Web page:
While there’s no formal mentorship program and Marsala is open to the idea of a continuing education program for franchisees, he does encourage them to communicate with each other through an internal email portal. The other day, he says, a franchisee asked for a picture of a house in a certain color that he wanted to show a client, and lo and behold, another franchisee supplied it in short order. “One of our strengths is that we adapt and change for the better,” Marsala says, and this applies to Spray-Net’s training systems as well.

Carmelo Marsala

“One of our strengths is we adapt and change for the better.” —Carmelo Marsala, Spray-Net

Training incubators

Constant improvement is also the foundation for Blink Fitness, a low-price fitness model, based in New York. Blink set up over 50 corporate-owned locations before it began franchising and it transfers the expertise garnered from corporate on to franchisees.

Training systems for corporate have been in place for a while now, says Todd Magazine, president of Blink Fitness, and “franchising really gave us an opportunity to formalize what we were doing more tribally, if you will.”

Blink has set up corporate-certified training clubs and training club managers to bring franchisees up to speed.  Training managers are culled from the best corporate performers and the training clubs, which are actual functioning gyms, serve as incubators for franchisees to test-drive real-world situations. Between in-class and in the gym, Blink offers 150 hours of training (6o in-class and 90 in a gym), all the way from orientation, which happens shortly after signing, on through grand opening.

Blink’s franchisees access an internal intranet portal where they can reach out to fellow franchisees or corporate, to exchange ideas through a social media approach. A robust training manual is also part of the system and, Magazine says, it’s a “living, breathing document” that shapes how franchisees incorporate Blink’s culture into their operations.

Ongoing support complements franchisee training and Magazine says problems are diagnosed through data analytics, and fixed before they become full-blown. Blink remembers there’s a fine line between oversight and independence. “We’re not into the gotcha approach; our franchisees’ success is our success,” he says. “Our goal ultimately, which is part of our training, is not to be a stick, but to be more of a carrot.”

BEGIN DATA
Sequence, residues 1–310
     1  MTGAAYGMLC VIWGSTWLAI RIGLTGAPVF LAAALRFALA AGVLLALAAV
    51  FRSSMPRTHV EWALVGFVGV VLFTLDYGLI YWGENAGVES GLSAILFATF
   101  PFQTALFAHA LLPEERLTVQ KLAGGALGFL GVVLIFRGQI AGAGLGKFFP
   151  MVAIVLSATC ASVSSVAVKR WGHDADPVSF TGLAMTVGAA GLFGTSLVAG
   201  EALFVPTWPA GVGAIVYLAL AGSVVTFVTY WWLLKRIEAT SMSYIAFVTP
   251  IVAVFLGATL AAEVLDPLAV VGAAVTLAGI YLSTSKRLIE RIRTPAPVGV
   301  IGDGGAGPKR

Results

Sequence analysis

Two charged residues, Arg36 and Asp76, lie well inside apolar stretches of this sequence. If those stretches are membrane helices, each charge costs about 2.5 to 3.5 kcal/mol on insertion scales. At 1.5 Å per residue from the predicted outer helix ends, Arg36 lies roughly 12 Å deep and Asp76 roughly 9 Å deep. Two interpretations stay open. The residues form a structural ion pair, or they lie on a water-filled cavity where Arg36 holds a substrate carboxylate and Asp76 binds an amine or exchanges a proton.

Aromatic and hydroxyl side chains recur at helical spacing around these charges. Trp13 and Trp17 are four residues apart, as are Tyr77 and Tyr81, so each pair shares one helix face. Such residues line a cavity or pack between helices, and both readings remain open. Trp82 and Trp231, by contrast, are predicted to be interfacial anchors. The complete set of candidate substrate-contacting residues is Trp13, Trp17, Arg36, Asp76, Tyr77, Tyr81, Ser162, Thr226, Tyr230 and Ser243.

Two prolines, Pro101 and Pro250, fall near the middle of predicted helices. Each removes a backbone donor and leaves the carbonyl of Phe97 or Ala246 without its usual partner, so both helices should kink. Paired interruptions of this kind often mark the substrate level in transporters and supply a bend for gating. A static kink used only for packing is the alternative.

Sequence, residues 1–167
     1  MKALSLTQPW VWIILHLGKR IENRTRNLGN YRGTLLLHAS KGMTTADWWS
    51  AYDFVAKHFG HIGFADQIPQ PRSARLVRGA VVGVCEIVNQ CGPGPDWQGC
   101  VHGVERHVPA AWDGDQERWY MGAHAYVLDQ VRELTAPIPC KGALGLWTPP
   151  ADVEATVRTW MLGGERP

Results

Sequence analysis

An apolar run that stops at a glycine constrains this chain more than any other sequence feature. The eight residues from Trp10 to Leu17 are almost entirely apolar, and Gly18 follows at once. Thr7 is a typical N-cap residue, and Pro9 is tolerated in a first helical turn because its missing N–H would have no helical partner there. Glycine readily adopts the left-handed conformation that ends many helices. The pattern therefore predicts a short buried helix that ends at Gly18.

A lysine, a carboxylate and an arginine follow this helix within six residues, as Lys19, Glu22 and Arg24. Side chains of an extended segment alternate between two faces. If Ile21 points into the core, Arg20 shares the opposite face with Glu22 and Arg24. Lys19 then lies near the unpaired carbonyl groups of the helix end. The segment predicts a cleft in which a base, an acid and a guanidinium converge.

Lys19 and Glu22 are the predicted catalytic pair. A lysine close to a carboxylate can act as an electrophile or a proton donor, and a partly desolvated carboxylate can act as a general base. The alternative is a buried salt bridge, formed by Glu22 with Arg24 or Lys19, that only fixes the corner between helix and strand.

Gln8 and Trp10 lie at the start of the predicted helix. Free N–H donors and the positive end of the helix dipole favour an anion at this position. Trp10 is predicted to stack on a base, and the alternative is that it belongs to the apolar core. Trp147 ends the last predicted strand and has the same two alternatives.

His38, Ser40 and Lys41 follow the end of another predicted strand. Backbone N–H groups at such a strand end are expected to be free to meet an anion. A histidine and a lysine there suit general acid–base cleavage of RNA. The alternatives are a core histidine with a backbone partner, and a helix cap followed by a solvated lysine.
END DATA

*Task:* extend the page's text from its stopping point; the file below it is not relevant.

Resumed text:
Todd Magazine

“Our goal ultimately, which is part of our training, is not to
be a stick, but to be more of a carrot.” — Todd Magazine,
Blink Fitness

Expert tips on field support

“One problem that you do see is when franchisees try to get out of some portion of the training. They’ll say, ‘I already know that.’” Don’t let them wiggle away, advises Steve Beagelman, SMB Franchise Advisors president and CEO, “They need to be there for the full amount. A new franchisee might say that they don’t need all of the training—but yours is a different concept, so they need to attend the full training program.”

In today’s franchise marketplace, there is less of a dependence on the written word. Video and hands-on experience used in training have been found to be the vehicle the majority of franchisees prefer, says Christopher Conner of Franchise Marketing Systems. He encourages franchisors to figure out how their training program will be executed and delivered. “You need to review and report how effective your franchise training has been,” he adds.

Ask franchisees about their experience, gauge the effectiveness through surveys and use the information to make decisions related to franchise training improvement, Conner says. “It is an ongoing process that requires good mechanisms to keep tracking your franchisees and their progress in not only learning from training, but also maintaining their skill sets and operating behavior.”